When I was a teenager I discovered — and devoured — Bell’s Men of Mathematics, and I soon resolved to keep the titans populating the pages of that wonderful old book as major players in my pantheon of mathematical heroes. Very little has changed over the years: there are other figures in the pantheon, of course, but none of the old heroes have been displaced. Indeed, the experience of teaching a large number of courses in the history of mathematics has significantly deepened a sense of almost personal acquaintance with these great men. Undoubtedly, this experience, deeply rooted in the experience of reading Bell’s book, is shared by a huge number of mathematicians of my generation, and many readers of these reviews.
But Men of Mathematics seems to have fallen out of favor with the younger generation, or even the last couple of generations (tempus fugit!). Or perhaps it’s just that the wave that has swept the beach clean of coelacanths like me, bringing with it a very different way of serving a mathematical apprenticeship, leaves less and less room for the old masters. The current vogue of doing mathematics seems geared toward building community at all levels, with study and work groups dominating the scene from high school mathematics contests through graduate programs, and support groups available for every one at every level, and this may provide an explanation for the lamentable ignorance that mathematical rookies so often display regarding the history of their discipline: there’s no psychological need for solitary day-dreams about the heroic life of Riemann if one’s formation is an unbroken sequence of group activities. In my cynical moments I wonder whether the ubiquity of these new trends isn’t to blame for what looks to be the passing of an age: as far as pantheons of idols from the past are concerned, today’s young mathematical Turks look to be more disposed to a Götterdämmerung than to paying homage to Archimedes, Newton, and Gauss. Well, maybe I am just out of step.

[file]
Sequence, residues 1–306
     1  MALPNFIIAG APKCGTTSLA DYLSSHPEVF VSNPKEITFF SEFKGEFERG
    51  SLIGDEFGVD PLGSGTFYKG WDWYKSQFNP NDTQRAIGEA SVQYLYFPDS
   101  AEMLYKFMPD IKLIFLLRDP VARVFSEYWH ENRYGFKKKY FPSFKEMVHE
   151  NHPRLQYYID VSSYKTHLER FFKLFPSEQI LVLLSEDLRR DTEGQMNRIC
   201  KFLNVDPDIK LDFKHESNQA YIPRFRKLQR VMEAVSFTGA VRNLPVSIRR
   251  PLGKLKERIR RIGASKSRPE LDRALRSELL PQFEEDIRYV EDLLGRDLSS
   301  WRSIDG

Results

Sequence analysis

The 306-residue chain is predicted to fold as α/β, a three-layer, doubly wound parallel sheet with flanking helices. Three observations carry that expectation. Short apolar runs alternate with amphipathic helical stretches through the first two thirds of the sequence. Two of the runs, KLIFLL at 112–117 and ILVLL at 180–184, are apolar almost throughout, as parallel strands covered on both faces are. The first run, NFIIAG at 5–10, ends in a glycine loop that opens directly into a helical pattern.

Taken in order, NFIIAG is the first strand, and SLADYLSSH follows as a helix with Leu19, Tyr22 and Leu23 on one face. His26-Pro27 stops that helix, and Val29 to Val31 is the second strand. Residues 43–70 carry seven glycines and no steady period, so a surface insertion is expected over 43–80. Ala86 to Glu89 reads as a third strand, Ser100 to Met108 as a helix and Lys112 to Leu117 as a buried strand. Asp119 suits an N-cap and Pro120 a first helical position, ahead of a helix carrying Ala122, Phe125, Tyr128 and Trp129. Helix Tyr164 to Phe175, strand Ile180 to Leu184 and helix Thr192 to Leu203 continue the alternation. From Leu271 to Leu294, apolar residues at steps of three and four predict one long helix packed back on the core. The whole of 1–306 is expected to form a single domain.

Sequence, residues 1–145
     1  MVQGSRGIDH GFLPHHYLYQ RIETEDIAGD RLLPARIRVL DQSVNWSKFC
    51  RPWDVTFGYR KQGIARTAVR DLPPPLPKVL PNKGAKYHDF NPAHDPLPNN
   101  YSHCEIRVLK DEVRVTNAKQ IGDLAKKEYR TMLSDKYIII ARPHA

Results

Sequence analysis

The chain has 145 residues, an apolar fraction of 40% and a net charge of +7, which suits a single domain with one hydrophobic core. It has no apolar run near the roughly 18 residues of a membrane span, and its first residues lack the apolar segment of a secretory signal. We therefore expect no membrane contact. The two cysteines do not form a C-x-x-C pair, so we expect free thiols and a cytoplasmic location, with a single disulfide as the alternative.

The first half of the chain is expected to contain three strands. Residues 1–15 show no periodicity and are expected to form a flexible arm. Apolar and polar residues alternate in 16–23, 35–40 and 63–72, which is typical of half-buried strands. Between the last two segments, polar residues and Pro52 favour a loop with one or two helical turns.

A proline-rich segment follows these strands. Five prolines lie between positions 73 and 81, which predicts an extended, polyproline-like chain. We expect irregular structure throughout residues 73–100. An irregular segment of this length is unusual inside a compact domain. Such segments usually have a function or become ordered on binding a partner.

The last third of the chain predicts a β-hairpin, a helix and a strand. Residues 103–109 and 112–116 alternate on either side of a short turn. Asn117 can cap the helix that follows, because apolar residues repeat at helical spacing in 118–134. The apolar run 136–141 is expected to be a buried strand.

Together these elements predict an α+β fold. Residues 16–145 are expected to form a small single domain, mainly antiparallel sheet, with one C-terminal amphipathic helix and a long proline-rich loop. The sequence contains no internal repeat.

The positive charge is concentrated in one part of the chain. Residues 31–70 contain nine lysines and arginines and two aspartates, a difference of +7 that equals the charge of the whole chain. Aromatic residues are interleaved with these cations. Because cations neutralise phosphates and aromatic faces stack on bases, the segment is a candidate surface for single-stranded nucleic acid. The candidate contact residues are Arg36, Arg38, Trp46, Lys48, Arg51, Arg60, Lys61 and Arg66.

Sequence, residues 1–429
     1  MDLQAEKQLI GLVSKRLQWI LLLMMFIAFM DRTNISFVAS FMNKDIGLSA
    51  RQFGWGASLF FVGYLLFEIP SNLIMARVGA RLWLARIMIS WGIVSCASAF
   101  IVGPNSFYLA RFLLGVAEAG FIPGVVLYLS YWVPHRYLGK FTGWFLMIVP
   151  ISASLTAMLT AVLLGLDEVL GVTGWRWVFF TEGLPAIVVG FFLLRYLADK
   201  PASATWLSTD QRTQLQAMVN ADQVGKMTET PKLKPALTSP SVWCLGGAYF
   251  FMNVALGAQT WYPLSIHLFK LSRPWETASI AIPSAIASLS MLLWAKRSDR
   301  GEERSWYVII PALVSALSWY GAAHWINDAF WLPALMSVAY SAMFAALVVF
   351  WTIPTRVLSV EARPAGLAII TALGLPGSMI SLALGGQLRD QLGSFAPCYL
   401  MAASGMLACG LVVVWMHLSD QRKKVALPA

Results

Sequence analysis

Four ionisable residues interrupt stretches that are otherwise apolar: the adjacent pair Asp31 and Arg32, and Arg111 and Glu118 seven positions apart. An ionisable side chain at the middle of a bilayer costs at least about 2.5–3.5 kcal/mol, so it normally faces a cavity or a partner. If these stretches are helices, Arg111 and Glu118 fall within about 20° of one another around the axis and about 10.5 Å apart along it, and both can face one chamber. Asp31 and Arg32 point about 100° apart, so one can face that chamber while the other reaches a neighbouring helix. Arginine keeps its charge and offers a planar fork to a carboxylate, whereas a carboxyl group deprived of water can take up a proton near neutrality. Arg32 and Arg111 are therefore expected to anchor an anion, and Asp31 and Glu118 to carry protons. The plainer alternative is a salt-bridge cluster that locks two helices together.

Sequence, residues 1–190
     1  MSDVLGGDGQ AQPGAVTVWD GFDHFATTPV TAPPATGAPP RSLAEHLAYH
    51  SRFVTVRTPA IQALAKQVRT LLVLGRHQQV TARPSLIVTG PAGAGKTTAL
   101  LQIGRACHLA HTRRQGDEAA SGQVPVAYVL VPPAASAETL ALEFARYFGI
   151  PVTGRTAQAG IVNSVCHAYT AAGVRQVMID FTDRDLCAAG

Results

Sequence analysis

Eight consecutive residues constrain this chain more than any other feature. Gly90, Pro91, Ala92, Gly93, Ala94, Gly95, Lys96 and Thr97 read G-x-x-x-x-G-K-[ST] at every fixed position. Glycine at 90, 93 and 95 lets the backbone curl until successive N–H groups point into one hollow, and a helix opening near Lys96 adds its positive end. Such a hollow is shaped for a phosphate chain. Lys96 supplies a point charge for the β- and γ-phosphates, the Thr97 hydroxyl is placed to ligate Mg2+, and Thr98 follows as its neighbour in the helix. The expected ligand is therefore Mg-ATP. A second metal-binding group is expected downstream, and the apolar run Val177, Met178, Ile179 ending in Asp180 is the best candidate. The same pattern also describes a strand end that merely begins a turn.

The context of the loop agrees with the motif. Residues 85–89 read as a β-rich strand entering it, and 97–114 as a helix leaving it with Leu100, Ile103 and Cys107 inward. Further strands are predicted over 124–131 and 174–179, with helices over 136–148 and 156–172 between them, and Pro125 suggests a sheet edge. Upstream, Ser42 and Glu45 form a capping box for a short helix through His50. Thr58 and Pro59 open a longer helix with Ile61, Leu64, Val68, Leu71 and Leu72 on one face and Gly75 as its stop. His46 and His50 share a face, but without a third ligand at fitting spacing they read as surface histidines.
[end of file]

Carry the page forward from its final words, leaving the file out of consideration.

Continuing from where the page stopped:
But it would truly be a tragedy, a threat both to mathematical culture properly so-called and to scholarship itself, if the study of the history of mathematics, by the rank and file, were to wane, and surely steps should be taken to reintroduce aspiring mathematicians to the lives of the titans from past ages. More recent players might even be added to the list; after all, in many ways ours is a very young art.
This having been said, Simon Gindikin’s Tales of Mathematicians and Physicists is absolutely on target. Covering the last five centuries, this eminently readable book consists of fifteen essays on mathematicians and mathematics of particular historical importance and gravity, factoring Gindikin’s perspective into the equation (Newton receives essentially only one page of coverage (p. 157): clearly Leibniz and the Bernoulli’s have won the author over completely), and also his taste: geometry and analysis receive a great deal of coverage, algebra and arithmetic less so, a full chapter on Ramanujan notwithstanding. The book begins with a consideration of Cardano’s 16th century Ars Magna, replete with a nice treatment of the cubic, and ends with an interesting essay titled, “The complex world of Roger Penrose.” In between, there are, among other things, wonderful chapters on Euler, Gauss, and Poincaré, as well as a long essay on Galileo, which certainly conveys the sweep of Gindikin’s pedagogical vision.
Tales of Mathematicians and Physicists is a worthwhile book to read, especially for novices, which is consonant with the fact that the indicated essays first appeared in Kvant . But it’s fun for every one, and enlightening. Additionally, for me and those of my mathematical generation it’s especially pleasant to encounter old heroes again and, indeed, learn more about them — much more, in fact: this is serious scholarship and the mathematics is very good. And it would be an easy task to adapt Tales of Mathematicians and Physicists for use as a supplementary text in a course on the history of mathematics; in fact, I may do so the next time I’m up at bat. It’s a pleasure to recommend this book.
Michael Berg (email@example.com) is professor of mathematics at Loyola Marymount University.